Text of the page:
The notes were exchanged on Tuesday between Vikas Sheel, additional secretary, Department of Economic Affairs in the Ministry of Finance and Japanese Ambassador Suzuki Hiroshi.
Japan and China on Sunday strongly condemned North Korea’s sixth nuclear test.
Japanese Prime Minister Shinzo Abe slammed the test, saying the country’s “nuclear and missile development poses a grave and immediate new level of threat” and “seriously undermines peace and security of the region”.
“The UN Security Council has strongly criticized North Korea for repeatedly going ahead with ballistic missile launches this year… We find it completely intolerable that North Korea has conducted a nuclear test in such an environment,” Abe said in the statement.
Meanwhile, Chinese Foreign Ministry issued a statement expressing firm opposition to and strong condemnation of the nuclear test by North Korea.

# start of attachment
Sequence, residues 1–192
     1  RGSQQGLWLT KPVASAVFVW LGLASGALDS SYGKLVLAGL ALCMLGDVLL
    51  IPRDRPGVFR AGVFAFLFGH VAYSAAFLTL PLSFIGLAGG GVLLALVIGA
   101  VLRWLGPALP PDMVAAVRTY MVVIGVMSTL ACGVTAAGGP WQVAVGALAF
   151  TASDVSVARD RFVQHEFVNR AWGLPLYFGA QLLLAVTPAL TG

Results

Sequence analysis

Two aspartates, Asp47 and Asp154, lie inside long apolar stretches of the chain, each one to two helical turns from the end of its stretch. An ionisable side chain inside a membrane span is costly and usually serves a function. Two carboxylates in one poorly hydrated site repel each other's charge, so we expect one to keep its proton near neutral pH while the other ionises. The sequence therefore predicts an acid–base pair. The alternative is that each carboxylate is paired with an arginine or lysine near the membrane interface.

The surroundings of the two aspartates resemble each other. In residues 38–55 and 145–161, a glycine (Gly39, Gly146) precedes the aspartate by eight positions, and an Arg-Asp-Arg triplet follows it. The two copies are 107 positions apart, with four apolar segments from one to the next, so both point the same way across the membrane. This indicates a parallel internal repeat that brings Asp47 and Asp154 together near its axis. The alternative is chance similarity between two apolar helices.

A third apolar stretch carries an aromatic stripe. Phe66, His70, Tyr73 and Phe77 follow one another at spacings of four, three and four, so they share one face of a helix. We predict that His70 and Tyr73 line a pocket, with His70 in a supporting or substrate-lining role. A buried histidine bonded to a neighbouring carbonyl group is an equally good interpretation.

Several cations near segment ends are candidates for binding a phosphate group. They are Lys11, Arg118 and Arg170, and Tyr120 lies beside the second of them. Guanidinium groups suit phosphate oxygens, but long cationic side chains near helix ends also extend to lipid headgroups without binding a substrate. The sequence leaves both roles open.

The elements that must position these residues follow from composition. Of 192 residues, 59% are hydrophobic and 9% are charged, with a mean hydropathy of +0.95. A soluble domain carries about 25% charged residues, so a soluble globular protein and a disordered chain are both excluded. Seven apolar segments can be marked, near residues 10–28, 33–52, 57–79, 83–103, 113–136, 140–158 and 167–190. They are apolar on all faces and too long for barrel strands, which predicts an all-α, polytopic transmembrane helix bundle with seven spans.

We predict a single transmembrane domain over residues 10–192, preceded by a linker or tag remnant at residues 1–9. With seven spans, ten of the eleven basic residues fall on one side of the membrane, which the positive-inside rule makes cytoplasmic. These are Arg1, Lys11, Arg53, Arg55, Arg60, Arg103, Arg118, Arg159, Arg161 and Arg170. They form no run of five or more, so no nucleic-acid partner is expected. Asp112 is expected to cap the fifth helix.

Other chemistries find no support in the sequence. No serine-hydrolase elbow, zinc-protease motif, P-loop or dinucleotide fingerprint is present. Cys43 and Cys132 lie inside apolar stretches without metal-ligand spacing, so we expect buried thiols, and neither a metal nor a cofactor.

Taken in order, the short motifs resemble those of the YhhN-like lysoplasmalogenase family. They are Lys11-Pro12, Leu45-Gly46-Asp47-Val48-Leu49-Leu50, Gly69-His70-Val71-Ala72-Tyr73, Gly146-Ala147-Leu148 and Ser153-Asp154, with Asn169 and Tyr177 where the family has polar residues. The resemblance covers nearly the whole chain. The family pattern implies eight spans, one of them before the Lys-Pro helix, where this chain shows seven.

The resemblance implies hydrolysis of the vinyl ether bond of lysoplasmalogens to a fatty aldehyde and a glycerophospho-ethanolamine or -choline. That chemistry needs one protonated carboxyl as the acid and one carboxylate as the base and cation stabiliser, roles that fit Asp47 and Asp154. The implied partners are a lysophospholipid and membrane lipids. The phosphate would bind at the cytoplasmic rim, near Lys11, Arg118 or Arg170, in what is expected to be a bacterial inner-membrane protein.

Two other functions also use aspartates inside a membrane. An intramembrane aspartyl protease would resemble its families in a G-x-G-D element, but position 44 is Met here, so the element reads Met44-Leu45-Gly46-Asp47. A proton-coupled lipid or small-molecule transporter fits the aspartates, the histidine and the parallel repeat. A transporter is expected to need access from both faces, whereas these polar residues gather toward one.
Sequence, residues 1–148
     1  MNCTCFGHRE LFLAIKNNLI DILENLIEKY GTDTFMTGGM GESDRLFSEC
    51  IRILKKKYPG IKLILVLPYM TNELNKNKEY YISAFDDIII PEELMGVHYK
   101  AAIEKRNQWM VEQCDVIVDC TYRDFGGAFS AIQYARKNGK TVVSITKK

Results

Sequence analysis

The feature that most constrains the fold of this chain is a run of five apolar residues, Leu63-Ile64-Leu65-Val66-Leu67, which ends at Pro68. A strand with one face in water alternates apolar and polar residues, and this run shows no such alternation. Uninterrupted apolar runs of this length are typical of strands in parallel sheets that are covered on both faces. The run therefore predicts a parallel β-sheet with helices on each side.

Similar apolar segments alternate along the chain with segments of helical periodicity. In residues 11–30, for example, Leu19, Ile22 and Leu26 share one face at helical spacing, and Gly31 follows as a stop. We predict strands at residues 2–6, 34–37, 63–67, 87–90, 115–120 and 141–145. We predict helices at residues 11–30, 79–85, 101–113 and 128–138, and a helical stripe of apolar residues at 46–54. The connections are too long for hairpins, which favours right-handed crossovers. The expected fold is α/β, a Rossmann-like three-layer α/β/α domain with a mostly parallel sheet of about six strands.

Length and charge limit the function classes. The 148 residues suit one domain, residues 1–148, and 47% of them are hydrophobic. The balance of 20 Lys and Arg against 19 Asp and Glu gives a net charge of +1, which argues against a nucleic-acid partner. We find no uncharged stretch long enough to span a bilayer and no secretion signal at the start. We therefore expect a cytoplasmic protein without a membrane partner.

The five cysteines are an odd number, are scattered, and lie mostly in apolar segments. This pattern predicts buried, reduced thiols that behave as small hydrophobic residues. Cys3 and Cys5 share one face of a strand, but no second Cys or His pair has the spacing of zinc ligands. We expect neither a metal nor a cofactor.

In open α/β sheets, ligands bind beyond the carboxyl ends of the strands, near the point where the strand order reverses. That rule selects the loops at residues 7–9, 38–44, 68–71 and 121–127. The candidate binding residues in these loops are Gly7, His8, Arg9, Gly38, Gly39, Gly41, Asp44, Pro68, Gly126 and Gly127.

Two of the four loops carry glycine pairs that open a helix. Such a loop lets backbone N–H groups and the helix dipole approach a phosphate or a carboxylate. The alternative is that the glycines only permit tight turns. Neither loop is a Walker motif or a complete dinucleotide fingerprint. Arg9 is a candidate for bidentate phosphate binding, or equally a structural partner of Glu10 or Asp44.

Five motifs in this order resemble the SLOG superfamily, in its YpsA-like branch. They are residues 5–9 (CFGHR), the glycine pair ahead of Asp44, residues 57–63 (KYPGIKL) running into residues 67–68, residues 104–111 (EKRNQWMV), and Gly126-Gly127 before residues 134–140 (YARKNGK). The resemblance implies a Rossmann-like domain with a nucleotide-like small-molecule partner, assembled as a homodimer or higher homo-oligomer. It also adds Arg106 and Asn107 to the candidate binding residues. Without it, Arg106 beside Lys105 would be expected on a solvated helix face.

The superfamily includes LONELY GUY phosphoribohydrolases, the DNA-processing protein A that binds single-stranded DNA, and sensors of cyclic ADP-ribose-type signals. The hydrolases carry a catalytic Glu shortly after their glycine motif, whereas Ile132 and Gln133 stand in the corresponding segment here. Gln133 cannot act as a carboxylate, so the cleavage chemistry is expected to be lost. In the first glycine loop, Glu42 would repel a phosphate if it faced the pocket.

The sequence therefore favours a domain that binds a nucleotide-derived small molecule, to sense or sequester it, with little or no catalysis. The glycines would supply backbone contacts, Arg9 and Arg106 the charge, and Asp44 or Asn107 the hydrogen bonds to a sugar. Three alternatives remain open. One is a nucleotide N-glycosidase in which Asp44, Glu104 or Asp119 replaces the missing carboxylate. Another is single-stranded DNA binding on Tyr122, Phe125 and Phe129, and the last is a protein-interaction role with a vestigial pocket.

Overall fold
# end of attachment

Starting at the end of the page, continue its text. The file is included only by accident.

“North Korea has ignored the international community’s widespread opposition and conducted a nuclear test again. The Chinese government expresses resolute objection to and strong condemnation of it,” the ministry’s statement said.
“We strongly urge North Korea to face the firm determination of the international community on the denuclearisation of the Korean Peninsula, fully abide by the relevant treaties of the UN Security Council… and return to the track of solving problems through dialogue,” the statement added.
US National Security Adviser H R McMaster spoke with his South Korean counterpart, Chung Eui-yong, for about 20 minutes in an emergency phone call about the nuclear test, to discuss the possibility of deploying US military defence devices in South Korea.
Chung said South Korea will also seek new UN Security Council sanctions to “completely isolate” North Korea.
North Korea on Sunday said that in what could be the most powerful detonation so far, it successfully conducted a test of a hydrogen bomb that can be loaded onto a intercontinental ballistic missile (ICBM), state-media media reported.